John Sculley drew a ‘Mac phone’ concept for Steve Jobs back in the 80s.
Former Apple CEO and business parter of Steve Jobs, John Sculley dropped some interesting new tidbits about Apple’s history in a recent interview. He said that all the way back in 1984, Jobs was dreaming up the idea of a “Mac phone.”
This “Mac phone” would be a desktop device that acted as a phone, but ran a version of the Mac’s software.
Brad Mangin’s portrait of a high school football player was selected for Apple’s “Shot on iPhone 6’ ad campaign.
Brad Mangin’s friends gave him a good ribbing as “the last photographer on the planet” to carry a flip phone. They all had iPhones and couldn’t believe it took him so long to not only own one but discover the picture quality of the phone’s camera. Laughter would turn to admiration in less than a year’s time. Mangin would go on to use his first iPhone to produce a robust baseball essay for Sports Illustrated and get a book deal with his iPhone pictures.
Humans react to innovative things like the Apple Watch fairly predictably.
If you’re one of the people out there who haven’t taken the plunge on an Apple Watch, you’re not alone. While Apple’s latest wearable has gotten a ton of press and sold really well, a lot of the rank and file out there might think it’s a toy, or only for rich folks.
In fact, says journalist Morgan Housel over at Time, most people throughout history have pretty predictable responses to new things.
He has a list of reactions to new innovative inventions, each of which are reactions we’ve all heard (or had) when the Apple Watch (or the iPad, or the iPhone) was launched.
Beats 1 Radio is live on Apple Music, but is it worth your time?
Open your iOS 8.4 Music app and start listening. Beats 1 radio went live today at 9 a.m. Pacific time or 12 p.m. Eastern time, one hour after the launch of Apple Music itself. But is it any good? I’m your fellow music lover here to answer that question in as much depth as possible based on some first impressions.
First, a little background: Apple’s own radio station billed as “programs from people who love music” will stay live 24/7, broadcasting in over 100 countries. The station promises interviews with A-list celebrities and even radio shows hosted by the celebrities themselves every so often. They’ll create their own playlists and mixes and broadcast some of their favorite tunes. Jaden Smith will have his own show, so prepare to have an existential crisis.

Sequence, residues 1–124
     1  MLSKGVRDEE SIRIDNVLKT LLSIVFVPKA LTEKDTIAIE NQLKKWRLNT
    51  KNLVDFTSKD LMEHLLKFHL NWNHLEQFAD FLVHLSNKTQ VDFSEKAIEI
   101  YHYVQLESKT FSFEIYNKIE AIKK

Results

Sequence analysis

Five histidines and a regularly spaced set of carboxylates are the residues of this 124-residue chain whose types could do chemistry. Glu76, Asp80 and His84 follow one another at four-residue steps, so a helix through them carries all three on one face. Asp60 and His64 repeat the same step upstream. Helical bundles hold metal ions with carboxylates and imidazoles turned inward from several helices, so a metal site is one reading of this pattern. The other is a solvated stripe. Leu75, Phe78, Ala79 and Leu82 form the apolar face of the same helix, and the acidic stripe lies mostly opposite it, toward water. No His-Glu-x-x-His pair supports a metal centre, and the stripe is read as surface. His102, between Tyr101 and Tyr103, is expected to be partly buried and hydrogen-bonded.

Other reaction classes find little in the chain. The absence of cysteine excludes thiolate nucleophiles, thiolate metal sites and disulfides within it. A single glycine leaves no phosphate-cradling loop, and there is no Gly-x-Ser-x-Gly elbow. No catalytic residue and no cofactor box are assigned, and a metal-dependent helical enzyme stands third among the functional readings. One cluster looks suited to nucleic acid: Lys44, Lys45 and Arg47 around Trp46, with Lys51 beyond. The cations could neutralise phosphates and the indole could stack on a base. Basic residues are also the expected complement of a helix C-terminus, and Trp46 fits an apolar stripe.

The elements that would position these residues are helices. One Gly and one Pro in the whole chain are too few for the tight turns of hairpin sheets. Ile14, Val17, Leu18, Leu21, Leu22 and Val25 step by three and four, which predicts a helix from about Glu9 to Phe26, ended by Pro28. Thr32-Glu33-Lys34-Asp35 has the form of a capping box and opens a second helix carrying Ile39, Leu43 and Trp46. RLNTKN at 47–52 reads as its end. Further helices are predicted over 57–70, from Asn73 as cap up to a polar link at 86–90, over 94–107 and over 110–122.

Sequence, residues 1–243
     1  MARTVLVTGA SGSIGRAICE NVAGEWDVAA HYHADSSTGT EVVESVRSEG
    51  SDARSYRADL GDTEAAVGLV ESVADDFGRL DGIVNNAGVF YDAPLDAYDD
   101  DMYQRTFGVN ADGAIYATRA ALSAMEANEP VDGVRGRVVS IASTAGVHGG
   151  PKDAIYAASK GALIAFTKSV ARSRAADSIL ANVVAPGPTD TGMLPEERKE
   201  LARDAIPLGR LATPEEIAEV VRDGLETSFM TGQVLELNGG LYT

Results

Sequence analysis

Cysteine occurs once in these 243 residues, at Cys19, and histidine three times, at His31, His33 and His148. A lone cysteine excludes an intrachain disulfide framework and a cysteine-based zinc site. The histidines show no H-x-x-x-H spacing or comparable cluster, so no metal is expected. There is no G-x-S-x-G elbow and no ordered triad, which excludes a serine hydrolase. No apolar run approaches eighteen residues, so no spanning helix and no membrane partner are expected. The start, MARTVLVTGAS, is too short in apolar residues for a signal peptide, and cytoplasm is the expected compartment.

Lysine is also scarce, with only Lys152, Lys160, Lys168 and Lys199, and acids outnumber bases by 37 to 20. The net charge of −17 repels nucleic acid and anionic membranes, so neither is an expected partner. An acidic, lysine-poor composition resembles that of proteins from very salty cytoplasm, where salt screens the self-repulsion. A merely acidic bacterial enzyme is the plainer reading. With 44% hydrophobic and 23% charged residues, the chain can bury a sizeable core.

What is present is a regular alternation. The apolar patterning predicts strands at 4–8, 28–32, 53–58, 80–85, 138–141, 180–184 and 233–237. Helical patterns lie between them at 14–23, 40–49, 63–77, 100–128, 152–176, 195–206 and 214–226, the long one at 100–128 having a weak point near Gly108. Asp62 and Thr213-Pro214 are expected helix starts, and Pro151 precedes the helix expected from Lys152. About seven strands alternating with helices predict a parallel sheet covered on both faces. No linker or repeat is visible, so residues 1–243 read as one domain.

Add your unique username for Apple Music Connect before someone else snags it.
When you sign in to Apple Music, you have access to Apple’s new music-centric sharing and socializing system, Connect.
While Ping may have come to an an ignominious end, Connect has the advantage of being integrated into the new, exciting Apple Music to the very core, and will let everyone signed into an Apple ID account (not just Apple Music members) use the system to follow their favorite artist.
When you comment on a Connect post, though, you’ll be known by a user name, which uses the @ symbol just like Twitter.
If you want to have something unique, though, you’ll need to act quickly and enter it now, before the service gets clogged up with all the other people that might want your specific user name. Here’s how to do just that.
Discover stuff large and small with Apple’s new Music service.
I’m a streaming music junky. I gave up collecting, owning, and maintaining music files on my own Mac years ago and I’ve never looked back. It’s the only sensible way to have access to millions of songs without having to worry about storing them.
I’ve used and tested Rdio, Spotify, Beats Music, and other on-demand streaming services over the past few years, so it made sense to check out Apple Music, the new on-demand service to come out of Cupertino.
It’s going to take some time to dig in deep, but so far, Apple Music is proving to be an amazingly comprehensive streaming music product that focuses on discovery, something that the competition struggles with. Within minutes of downloading iOS 8.4, I’m already listening to a playlist of artists I know as well as those I don’t – a perfect blend of old and new.
I’ve found a new streaming service to love in Apple Music, and I think you will, too.
The original iPhone first went on sale eight years ago today, on June 29, 2007 — a simpler time when Pixar released the movie Ratatouille, the NFL shut down its European league, Rihanna’s “Umbrella” topped the music charts, and Apple stock sold for a measly $17.43.
The second-generation FLIR One thermal camera is now available for iOS devices. Unlike the first-gen FLIR one which came as an iPhone 5/5s case, this standalone accessory attaches to your iPhone or iPad via a Lightning connector — and offers you 4x better resolution in the process.
Thanks to Apple’s new ResearchKit software, breakthroughs have already been made in the study of Parkinsons disease and Asthma. Now, a team of researcher are planning to use the iPhone and ResearchKit to study a subject we still don’t know as much about as we’d like to: LGBT health.
Why make do with one lens when you could have two?
Apple has been secretly experimenting with dual-camera iPhone lenses for three years, according to Altek’s Xiaru Wen, the CEO of the company responsible for building similar camera modules for HTC and Huawei.
The report claims that Apple has been held up by two challenges until now: technical problems resulting in blurred images, and an inability to find a manufacturer able to build enough of the components in the allotted time.